Is Arminianism a Damnable Heresy?
Having been condemned by the Synod of Dordrecht (Dort) in 1618–1619, Arminianism is indeed a heresy, a serious departure from the historic faith of the Christian church. “Arminius, a theological professor at the University of Leyden, departed from the Reformed faith in his teaching concerning five important points. He taught conditional election on the ground of foreseen faith, universal atonement, partial depravity, resistible grace, and the possibility of a lapse from grace. These views were rejected by the Synod ...” (from the introduction to the Canons of Dort in the Psalter Hymnal, 1959 ed.).
The Bible teaches that God elected his people in Christ before time began: “according as he hath chosen us in him before the foundation of the world ...” (Eph. 1:4). This election was out of God’s mere free grace and love, with nothing in the creature as a condition or cause inducing him to do this. “For the children being not yet born, neither having done any good or evil, that the purpose of God according to election might stand, not of works, but of him that calleth; ... So then it is not of him that willeth, nor of him that runneth, but of God that showeth mercy” (Rom. 9:11, 16).
The Bible teaches that Christ did his atoning work on behalf of his elect people, and no others. “Christ also loved the church, and gave himself for it” (Eph. 5:25). “I lay down my life for the sheep” (John 10:15). “I pray for them: I pray not for the world, but for them which thou hast given me; for they are thine” (John 17:9).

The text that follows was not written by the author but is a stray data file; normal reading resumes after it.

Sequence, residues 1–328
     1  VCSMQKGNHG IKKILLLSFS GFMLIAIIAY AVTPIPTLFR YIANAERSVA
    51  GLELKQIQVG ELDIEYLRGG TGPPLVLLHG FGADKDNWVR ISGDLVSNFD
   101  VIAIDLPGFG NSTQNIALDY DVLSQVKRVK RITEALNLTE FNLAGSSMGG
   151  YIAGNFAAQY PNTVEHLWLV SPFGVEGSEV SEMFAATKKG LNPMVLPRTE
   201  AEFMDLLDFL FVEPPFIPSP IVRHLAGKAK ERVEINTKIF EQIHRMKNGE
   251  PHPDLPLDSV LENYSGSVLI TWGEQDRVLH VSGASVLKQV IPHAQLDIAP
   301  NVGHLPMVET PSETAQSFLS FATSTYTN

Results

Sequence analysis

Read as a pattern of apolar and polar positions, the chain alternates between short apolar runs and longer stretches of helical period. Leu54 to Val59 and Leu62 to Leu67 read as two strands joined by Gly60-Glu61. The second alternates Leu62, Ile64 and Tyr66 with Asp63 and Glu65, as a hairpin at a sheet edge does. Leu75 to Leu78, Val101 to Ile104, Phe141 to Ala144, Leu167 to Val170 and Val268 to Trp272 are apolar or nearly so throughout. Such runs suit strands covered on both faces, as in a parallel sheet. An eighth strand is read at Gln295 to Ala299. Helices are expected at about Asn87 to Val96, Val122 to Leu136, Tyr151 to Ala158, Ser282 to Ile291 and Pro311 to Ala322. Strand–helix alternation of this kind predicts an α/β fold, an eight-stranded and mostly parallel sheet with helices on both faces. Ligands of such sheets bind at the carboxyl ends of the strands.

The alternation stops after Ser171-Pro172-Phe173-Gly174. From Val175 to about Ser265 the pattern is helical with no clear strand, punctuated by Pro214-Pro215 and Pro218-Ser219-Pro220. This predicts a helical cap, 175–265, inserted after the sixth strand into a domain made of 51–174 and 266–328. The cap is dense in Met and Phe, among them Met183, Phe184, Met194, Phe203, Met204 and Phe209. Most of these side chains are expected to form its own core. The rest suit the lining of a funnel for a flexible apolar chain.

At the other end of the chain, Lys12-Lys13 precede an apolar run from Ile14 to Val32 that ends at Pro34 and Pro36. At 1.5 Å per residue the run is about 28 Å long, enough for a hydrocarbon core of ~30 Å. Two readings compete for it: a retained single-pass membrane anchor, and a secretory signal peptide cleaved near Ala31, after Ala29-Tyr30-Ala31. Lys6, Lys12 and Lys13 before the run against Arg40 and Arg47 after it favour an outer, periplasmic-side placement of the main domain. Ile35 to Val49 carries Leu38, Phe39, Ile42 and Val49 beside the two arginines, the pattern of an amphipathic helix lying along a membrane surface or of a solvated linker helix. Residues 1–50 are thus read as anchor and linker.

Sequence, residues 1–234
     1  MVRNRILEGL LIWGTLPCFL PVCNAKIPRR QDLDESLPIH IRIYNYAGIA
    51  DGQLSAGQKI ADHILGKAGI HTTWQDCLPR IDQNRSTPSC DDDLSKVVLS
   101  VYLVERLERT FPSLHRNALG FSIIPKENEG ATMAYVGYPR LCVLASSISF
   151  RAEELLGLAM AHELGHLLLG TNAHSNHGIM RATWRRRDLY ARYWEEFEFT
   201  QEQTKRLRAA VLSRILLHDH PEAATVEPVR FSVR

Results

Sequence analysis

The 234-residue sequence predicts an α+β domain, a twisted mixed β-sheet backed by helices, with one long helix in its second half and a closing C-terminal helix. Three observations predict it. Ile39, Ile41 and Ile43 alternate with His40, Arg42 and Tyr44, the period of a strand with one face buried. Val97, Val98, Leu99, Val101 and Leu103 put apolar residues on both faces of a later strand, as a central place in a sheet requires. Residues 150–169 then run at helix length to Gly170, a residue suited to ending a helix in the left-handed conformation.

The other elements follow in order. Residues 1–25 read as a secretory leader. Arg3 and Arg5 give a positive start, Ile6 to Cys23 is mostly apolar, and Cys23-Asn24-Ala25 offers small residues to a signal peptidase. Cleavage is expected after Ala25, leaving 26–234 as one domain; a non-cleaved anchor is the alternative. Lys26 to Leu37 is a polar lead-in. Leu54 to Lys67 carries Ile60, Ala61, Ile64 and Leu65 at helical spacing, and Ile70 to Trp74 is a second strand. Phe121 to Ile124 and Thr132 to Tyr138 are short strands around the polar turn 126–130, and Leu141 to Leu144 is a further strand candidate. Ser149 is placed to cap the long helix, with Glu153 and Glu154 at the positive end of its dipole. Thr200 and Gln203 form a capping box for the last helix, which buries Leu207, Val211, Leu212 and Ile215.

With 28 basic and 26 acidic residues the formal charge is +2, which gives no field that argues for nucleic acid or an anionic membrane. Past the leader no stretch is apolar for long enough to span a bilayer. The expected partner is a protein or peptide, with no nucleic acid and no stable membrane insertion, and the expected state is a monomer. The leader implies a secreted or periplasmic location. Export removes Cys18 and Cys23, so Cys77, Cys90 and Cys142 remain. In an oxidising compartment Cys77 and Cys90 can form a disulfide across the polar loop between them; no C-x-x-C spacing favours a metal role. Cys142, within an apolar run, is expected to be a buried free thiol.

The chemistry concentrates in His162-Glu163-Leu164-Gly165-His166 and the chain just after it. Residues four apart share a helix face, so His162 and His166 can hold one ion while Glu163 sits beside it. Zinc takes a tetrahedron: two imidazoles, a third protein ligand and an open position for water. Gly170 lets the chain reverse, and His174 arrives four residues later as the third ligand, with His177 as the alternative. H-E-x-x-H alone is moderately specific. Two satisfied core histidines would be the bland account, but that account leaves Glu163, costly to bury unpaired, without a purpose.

The Bible teaches total depravity, that is, that man, in every part of his nature (intellect, emotions and will) is hopelessly ruined by the fall. Fallen man is dead in trespasses and sins and cannot give himself spiritual birth. Regeneration is entirely the working of our gracious, sovereign God. “And you hath he quickened, who were dead in trespasses and sins” (Eph. 2:1). “Which were born, not of blood, nor of the will of the flesh, nor of the will of man, but of God” (John 1:13).
The Bible teaches that God is absolutely sovereign and all-powerful: “... the most High ruleth in the kingdom of men, and giveth it to whomsoever he will ... and he doeth according to his will in the army of heaven, and among the inhabitants of the earth: and none can stay his hand, or say unto him, What doest thou?” (Dan. 4:32, 35). “The LORD shall send the rod of thy strength out of Zion: rule thou in the midst of thine enemies. Thy people shall be willing in the day of thy power ...” (Ps. 110:2–3). “For who hath resisted his will?” (Rom. 9:19). “Alleluia: for the Lord God omnipotent reigneth” (Rev. 19:6). If God’s will cannot be resisted, then his grace cannot be resisted either; his grace is irresistible.
The Bible teaches that Christ’s true sheep have eternal life and shall never perish. “My sheep hear my voice, and I know them, and they follow me: And I give unto them eternal life; and they shall never perish, neither shall any man pluck them out of my hand. My Father, which gave them me, is greater than all; and no man is able to pluck them out of my Father’s hand” (John 10:27–29).
Since the teachings of Arminianism are contrary to Scripture, they are manifestly false. They are serious perversions of the gospel of Jesus Christ. There is only one gospel, not two. Anyone who preaches any other gospel is preaching a false gospel and is accursed. “But though we, or an angel from heaven, preach any other gospel unto you than that which we have preached unto you, let him be accursed. As we said before, so say I now again, If any man preach any other gospel unto you than that ye have received, let him be accursed” (Gal. 1:8–9).